What is the pediatrician job description?
Of all the medical jobs, being a pediatrician must be one of the most challenging yet very rewarding. Imagine the difference you make in the lives of those tiny little tots. Undoubtedly, pediatricians are doing a real great job in lessening worries of parents and doing them a huge favor by being in charge of the healthcare of their children.
But it’s not as easy as it looks. You may usually see pediatricians giving a little pat on the back, checking the lower eyelids, and listening to heartbeat; but it is a lot more than that! Being a pediatrician has qualities and requirements. The job description of a pediatrician doesn’t begin and end with treating sick babies and toddlers.
Today, we will examine what it really takes to be a pediatrician. Below are the qualities and requirements of a pediatrician:
- Bachelor’s Degree. One must complete a bachelor’s degree before he/she can be admitted to medical school. Though medical schools do not require a specific major, they do have many prerequisites in chemistry and biology.
- Medical Degree. Almost all medical schools require four years of study. The first two years include classes and work in the laboratory, while the next two years are spent in hospitals and clinics.
- Medical License. You need to take an exam after graduating from medical school in order to practice medicine.
- Pediatric Residency. To become a pediatrician, doctors must complete a three-year residency working with experienced and certified pediatricians. The residency program must be accredited by the Accreditation Council for Graduate Medical Education or the Review Committee by Pediatrics.
- Board Certification. After completing residency, one must be board certified by the American Board of Pediatrics to become a certified pediatrician. He/She should be able to pass a seven-hour multiple choice test.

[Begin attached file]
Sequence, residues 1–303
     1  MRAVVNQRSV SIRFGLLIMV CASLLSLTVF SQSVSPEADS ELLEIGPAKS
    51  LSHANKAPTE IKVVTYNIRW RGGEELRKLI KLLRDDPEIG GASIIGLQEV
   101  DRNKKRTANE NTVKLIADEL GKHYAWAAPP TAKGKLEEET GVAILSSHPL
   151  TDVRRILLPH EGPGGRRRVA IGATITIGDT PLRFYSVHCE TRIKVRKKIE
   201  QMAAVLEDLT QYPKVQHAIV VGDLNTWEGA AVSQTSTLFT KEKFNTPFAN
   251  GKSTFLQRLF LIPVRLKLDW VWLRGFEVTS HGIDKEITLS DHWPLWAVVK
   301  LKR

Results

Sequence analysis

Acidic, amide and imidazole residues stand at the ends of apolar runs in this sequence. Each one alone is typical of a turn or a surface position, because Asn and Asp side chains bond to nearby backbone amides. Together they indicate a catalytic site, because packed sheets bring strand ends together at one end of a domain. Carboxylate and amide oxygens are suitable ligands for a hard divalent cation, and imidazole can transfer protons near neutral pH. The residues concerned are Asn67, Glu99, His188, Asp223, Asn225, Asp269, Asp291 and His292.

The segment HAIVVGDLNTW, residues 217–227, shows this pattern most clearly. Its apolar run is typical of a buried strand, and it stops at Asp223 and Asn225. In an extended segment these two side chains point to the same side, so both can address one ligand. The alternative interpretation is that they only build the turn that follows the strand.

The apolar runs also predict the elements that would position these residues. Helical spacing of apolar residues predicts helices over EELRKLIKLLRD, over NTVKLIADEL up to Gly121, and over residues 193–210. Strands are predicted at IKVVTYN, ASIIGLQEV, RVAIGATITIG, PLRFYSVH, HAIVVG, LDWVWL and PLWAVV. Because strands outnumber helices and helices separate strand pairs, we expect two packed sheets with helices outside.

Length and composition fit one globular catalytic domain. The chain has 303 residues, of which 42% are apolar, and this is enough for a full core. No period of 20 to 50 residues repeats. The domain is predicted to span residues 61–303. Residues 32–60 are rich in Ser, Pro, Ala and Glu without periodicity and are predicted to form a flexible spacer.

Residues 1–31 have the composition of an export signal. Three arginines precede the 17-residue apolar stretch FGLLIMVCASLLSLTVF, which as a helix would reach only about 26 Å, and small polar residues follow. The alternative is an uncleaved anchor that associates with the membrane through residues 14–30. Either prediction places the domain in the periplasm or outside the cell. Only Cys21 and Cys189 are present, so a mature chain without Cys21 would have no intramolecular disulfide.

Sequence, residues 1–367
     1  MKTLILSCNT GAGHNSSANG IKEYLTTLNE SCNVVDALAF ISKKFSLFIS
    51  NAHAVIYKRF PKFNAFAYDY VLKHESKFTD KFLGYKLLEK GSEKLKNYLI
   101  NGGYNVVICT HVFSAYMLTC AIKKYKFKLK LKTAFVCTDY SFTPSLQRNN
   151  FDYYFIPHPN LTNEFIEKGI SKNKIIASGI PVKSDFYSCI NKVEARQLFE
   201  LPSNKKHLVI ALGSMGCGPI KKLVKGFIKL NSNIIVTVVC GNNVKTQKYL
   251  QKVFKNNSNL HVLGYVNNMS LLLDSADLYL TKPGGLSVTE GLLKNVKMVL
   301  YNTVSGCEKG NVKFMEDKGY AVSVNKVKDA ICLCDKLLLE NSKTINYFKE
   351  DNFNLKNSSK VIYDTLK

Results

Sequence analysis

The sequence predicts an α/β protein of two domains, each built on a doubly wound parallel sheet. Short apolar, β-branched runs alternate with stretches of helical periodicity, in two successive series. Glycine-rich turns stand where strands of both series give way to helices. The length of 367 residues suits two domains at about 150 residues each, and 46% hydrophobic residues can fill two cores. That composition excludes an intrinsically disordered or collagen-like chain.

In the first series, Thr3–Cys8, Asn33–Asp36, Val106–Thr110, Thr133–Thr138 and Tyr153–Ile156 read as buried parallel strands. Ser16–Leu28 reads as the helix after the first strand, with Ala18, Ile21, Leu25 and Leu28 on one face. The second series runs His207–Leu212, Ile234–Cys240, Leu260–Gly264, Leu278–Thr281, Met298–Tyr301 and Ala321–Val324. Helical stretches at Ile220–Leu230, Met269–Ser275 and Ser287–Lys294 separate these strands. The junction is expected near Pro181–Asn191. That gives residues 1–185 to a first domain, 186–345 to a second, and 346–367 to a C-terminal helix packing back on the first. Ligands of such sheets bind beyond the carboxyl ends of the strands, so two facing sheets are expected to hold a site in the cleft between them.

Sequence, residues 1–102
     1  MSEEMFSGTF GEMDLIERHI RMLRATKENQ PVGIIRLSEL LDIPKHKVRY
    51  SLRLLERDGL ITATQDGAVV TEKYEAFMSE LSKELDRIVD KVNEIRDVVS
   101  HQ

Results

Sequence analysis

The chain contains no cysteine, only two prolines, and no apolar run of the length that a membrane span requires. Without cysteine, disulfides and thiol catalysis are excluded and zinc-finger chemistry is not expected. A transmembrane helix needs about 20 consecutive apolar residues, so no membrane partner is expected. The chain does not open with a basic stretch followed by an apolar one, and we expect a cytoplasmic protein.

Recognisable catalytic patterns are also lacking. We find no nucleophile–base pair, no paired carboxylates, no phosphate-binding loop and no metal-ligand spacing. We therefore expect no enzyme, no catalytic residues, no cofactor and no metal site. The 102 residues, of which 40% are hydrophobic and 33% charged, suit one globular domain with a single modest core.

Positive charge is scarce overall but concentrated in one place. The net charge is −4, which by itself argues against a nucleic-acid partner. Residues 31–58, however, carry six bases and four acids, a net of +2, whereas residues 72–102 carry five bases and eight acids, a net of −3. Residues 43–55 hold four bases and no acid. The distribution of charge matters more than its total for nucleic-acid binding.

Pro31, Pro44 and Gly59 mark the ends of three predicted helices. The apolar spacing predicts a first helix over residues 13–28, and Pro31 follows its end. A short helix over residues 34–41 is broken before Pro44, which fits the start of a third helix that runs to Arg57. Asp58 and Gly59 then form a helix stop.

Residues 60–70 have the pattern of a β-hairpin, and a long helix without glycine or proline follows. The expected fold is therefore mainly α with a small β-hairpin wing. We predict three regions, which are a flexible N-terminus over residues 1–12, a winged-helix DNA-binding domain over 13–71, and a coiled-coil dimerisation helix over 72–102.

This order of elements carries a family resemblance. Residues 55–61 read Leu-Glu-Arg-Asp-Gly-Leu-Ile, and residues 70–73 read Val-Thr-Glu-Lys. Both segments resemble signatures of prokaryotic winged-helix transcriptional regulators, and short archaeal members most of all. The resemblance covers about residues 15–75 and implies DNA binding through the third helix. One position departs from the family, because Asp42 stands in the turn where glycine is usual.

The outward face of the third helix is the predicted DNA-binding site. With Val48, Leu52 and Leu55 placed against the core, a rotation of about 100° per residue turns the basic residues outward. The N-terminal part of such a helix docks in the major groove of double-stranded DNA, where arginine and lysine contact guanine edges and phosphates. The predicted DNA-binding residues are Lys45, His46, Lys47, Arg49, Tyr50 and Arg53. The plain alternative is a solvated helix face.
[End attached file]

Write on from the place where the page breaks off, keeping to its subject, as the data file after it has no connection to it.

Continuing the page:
- Sub-specialty. If you already are board certified pediatrician, you can go ahead and pursue a sub-specialty such as pediatric Rheumatology or child abuse pediatrics among others. These require additional training and certification.
Those mentioned above are education, training, and license related requirements. But being a pediatrician doesn’t end there. It involves such qualities, which you can never learn in class or a laboratory. Here are some of the traits and qualities of a pediatrician:
- Great Communicators. Pediatricians should communicate well with children, their guardians, and medical staff. It is critical that pediatricians can connect well to the patient as well as those who are taking care of the patient as well.
- Patient. By patient, we do not mean sick. Pediatricians should practice more patience since they are dealing with kids. Kids can’t usually say what’s wrong with them. All they do is cry and complain. Pediatricians should be able to handle that.
- Great leadership. Pediatricians must practice a great form of leadership when dealing with patients and staff. They must show authority and think fast in every circumstance that needs action.
- Willing to work long hours. Pediatricians take on shifting schedules and usually stay on holidays. This is part of the sacrifice they have to make for being in the medical field.
- Correct diagnosis and treatment. Pediatricians should be able to determine and spot signs of illness in kids. They must be able to diagnose and offer treatments for the patient’s condition.
- Honest. Some parents are hysterical when their children are not well. This doesn’t give an excuse for pediatricians to sugar coat things and lie about the kid’s condition. He/she should explain properly the condition and advise the parents about the risks of medical procedures and the likelihood of complications.
- Confident. This is a key attribute since pediatricians need to be able to make decisions independently. Also, if the pediatrician is confident, this also adds confidence to the parents and will make them trust that you know what you are doing. A reluctant pediatrician will give heart attacks to parents! It’s their child you are dealing with.
Being a pediatrician is a tough profession. You can’t even equate it with any amount of money they do for a living. I remember an incident when a pediatrician was asked randomly how much does he make. In which he answered, “I make a difference.”
With this pediatrician job description, are you ready to become one?